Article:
4 backGear box
|This page is about the American light tank M24. For other uses, see M24 (Family).|
The Light Tank M24 Chaffee is a Rank III American light tank with a battle rating of 3.3 (AB/RB/SB). It was introduced along with the rest of the initial American ground tree in Update 1.45 "Steel Generals". The M24 Chaffee is a big improvement over the American light tank path from the Stuart tanks, presenting a better driving handling and a 75 mm gun.
Survivability and armour
- Rolled homogeneous armour
- Cast homogeneous armour (Gun mantlet)
|Armour||Front (Slope angle)||Sides||Rear||Roof|
|Hull|| 25.4 mm (60°) Front glacis
25.4 mm (44°) Lower glacis
| 25.4 mm (13°) Front
12.7 mm (13°) Rear
| 12.7 mm (71-74°) Top
19 mm (1-43°) Bottom
|Turret|| 38.1 mm (8-40°) Turret front
38.1 mm (1-45°) Gun mantlet
|25.4 mm (17-26°)||25.4 mm||12.7 mm|
|Cupola||38.1 mm||38.1 mm|
- Suspension wheels and tracks are 15 mm thick.
- Belly armour is 12.7 mm thick.
- Gun barrel is 20 mm thick.
- Gun breech is 300 mm thick in structural steel
|Weight (tons)|| Add-on Armor
|Max speed (km/h)|
|Engine power (horsepower)|
|Power-to-weight ratio (hp/ton)|
|75 mm M6|
| Horizontal |
|Turret rotation speed (°/s)|
|Mode||Stock||Upgraded||Prior + Full crew||Prior + Expert qualif.||Prior + Ace qualif.|
|Reloading rate (seconds)|
|Stock||Prior + Full crew||Prior + Expert qualif.||Prior + Ace qualif.|
|Ammunition|| Type of
|Penetration in mm @ 90°|
Mass in kg
| Fuse delay
| Fuse sensitivity
| Explosive Mass in g
| Normalization At 30°
Mass in kg
| Screen radius
| Screen time
| Screen hold time
| Explosive Mass in g|
- M61 shells are for:
- M72 shells are for:
|48||25 (+23)||1 (+47)||No|
|12.7 mm M2HB|
|Capacity (Belt capacity)|| Fire rate
| Horizontal |
|7.62 mm M1919A4|
|Capacity (Belt capacity)|| Fire rate
| Horizontal |
Usage in the battles
The M24 Chaffee is a very good tank with a fairly interesting play style. Instead of being permanently stationed at a single point and continuously firing at an enemy, this tank offers impressive manoeuvrability and speed which allows it to perform impressive flanking manoeuvres. The M24 can travel at around 38 km/h forward and -25 km/h backwards. Its reverse speed is very good if a quick getaway by going backwards is needed. Thus, this tank excels at "peek-a-boo" tactics in which one hides behind a rock or other large piece of cover and repeatedly inches out to fire at an enemy.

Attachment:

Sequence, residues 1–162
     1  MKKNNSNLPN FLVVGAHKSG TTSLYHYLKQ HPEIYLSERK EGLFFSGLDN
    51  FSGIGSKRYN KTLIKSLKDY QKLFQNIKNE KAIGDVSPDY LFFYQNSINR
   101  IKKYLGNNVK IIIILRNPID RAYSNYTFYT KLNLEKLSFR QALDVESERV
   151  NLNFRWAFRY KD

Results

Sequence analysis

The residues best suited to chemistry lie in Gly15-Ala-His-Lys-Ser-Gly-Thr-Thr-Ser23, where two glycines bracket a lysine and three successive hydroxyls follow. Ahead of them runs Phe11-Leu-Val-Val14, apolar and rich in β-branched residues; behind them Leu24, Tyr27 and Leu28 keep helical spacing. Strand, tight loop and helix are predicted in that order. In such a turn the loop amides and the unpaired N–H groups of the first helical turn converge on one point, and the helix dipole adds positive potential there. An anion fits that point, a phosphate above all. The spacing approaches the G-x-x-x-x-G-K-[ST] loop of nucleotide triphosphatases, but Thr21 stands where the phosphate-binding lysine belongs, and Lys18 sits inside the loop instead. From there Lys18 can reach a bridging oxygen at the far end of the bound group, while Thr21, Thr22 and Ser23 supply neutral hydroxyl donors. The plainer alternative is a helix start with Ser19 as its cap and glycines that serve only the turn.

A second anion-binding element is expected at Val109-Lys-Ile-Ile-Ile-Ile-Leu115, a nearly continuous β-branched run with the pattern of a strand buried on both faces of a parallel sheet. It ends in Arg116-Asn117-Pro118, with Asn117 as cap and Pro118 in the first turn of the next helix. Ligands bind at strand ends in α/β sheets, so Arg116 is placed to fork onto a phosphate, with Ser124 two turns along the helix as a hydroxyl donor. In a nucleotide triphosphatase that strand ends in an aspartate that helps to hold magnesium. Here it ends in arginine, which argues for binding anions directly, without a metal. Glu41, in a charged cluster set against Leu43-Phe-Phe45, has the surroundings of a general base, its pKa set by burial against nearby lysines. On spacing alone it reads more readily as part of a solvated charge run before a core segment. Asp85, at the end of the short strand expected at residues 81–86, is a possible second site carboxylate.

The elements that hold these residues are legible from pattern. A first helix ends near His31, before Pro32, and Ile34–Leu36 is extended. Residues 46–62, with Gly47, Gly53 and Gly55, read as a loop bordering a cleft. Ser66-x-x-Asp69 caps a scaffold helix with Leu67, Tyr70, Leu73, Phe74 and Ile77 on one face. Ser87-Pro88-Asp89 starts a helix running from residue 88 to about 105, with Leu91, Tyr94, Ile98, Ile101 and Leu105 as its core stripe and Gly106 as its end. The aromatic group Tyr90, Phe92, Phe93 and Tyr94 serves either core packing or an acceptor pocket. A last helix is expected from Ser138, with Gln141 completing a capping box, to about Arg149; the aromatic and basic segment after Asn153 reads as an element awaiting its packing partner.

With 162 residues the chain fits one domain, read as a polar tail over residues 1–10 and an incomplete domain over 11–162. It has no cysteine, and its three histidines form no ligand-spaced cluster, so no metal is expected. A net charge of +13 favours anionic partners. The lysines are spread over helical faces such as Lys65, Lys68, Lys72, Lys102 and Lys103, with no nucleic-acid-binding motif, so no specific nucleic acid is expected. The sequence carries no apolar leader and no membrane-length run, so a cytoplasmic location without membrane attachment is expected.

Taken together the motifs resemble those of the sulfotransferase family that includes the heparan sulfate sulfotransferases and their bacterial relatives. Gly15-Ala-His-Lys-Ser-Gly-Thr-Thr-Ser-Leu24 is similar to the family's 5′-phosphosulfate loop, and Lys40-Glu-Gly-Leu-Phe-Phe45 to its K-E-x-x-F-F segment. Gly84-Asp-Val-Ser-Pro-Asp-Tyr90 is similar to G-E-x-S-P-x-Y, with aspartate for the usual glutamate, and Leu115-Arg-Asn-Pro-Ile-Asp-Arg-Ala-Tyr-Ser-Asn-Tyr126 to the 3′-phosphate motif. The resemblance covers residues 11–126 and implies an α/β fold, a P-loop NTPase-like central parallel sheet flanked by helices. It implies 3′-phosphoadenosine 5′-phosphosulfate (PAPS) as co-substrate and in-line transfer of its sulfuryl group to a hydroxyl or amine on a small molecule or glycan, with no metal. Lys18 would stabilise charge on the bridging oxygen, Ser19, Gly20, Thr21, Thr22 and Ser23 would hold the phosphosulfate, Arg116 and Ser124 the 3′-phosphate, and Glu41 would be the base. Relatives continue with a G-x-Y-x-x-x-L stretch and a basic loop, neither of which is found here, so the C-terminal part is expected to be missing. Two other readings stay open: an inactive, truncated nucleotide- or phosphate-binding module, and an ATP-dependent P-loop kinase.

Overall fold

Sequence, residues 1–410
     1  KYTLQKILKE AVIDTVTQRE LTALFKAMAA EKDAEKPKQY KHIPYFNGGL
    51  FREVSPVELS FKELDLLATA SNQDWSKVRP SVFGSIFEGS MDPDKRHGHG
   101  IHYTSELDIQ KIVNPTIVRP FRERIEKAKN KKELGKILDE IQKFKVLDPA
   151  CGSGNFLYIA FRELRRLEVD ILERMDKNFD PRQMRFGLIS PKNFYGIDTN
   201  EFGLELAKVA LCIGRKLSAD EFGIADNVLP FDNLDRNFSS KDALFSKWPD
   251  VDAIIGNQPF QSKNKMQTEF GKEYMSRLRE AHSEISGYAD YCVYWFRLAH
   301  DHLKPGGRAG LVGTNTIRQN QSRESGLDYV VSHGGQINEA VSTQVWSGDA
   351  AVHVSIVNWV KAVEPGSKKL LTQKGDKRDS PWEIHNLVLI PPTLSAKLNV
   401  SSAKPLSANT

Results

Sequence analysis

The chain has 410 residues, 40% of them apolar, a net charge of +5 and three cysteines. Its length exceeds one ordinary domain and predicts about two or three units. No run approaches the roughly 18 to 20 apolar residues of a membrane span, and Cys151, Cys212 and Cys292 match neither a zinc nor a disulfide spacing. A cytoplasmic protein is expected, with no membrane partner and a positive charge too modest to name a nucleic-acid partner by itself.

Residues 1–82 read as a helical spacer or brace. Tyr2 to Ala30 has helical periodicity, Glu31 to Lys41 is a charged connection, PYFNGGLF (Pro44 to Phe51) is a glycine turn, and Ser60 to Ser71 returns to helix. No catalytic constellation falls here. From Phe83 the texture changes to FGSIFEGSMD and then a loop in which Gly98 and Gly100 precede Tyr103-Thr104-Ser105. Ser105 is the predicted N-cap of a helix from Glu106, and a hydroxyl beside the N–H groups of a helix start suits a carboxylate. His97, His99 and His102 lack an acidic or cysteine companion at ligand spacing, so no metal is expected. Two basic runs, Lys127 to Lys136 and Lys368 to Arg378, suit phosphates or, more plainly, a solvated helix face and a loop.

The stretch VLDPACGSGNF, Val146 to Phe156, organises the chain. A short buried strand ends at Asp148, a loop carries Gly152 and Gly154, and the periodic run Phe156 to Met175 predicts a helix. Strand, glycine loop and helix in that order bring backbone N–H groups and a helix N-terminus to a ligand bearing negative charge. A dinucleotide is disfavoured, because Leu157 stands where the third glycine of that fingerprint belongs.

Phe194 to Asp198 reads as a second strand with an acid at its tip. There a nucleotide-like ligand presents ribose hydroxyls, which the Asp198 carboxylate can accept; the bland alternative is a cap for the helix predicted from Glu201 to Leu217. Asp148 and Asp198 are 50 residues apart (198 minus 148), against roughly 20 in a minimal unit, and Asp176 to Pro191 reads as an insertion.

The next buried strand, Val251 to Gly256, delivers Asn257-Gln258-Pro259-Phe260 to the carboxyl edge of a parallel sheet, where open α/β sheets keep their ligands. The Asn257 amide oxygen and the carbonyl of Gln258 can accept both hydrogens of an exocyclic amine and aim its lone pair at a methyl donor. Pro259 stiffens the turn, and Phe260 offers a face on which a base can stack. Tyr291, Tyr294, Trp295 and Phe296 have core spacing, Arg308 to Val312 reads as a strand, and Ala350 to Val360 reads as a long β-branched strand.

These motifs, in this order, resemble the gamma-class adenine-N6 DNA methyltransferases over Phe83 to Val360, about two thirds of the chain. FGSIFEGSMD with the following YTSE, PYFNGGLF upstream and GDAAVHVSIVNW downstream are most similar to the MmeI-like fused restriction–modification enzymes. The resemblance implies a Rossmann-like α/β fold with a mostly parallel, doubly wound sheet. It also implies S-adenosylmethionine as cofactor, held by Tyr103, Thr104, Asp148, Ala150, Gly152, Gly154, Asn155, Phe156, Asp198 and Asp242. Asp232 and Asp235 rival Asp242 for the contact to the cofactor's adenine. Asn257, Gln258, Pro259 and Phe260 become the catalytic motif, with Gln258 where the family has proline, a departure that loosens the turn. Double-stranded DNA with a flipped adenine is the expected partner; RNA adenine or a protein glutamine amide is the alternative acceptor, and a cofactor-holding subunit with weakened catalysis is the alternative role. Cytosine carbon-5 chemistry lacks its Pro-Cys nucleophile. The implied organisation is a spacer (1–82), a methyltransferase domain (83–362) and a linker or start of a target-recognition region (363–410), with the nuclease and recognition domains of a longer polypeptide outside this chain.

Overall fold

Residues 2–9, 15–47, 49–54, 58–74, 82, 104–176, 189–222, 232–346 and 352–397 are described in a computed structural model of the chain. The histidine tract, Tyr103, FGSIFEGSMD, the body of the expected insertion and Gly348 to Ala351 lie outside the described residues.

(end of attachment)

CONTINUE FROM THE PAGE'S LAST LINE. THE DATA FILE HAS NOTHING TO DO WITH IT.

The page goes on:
The tank offers a 75 mm M6 gun, which has a slower reload than the Sherman M4/M4A1's 75 mm M3 gun. The reload is not actually due to any difference in the gun (beyond it being somewhat lighter than the M3) but due to the smaller confines of the vehicle being an obstacle to reloading not seen in the M4/M4A1. Its shells come in handy for certain tanks; they generally penetrate armour very well. It is rare to experience a ricochet or be to unable to penetrate any armour.
Do not: Continuously shoot at a tank without backing up/moving. The vehicle's armour is very thin and will most likely be destroyed if it stays in one position and does not stop changing positions. Always try to get the first shot off in a head-on attack. Typically, the best shell to use is the M61 shell but it can also be beneficial to have M72 shells as well.
Another way to go around is to flank the enemy. If attacking with a more direct approach, keep hidden behind a building or boulder and pop out every now and then to take a shot at the enemy. Also, prioritize targets who are busy fighting others and cannot retaliate. Usually, after the first shot, it may disable their tank depending on what it is. Disabling the enemy tank's crew, tracks, engine, etc. allows for retaliation without the risk of any incoming enemy shells.
A final option is to essentially make use of your tank's mobility to fire, move, fire, move, fire, so as to prevent enemy tanks and tank destroyers from accurately guessing range. This can be difficult, however, as you must be very versed in your own tank's ballistics to make shots, as you will have to estimate range on the fly. Don't think this means firing on the move - if you are going faster than 10 mph, the stabilizer will not allow for accurate shots, and it is only a vertical stabilizer.
Pros and cons
- Low profile
- The best cannon for light tanks in its rank
- Very agile
- Very fast reverse, thanks to the 4-speed reverse gear
- Fast turret traverse
- Equipped with a vertical plane stabilizer, allowing for more accurate shots on the move or shoot-n-scoot tactics
- Pintle mounted HMG allows for air defence
- Thin armour on all sides
- Low ammo count can be a problem in long games or RB/SB matches
- Vulnerable to nearby explosions
- Reload is quite slow for its calibre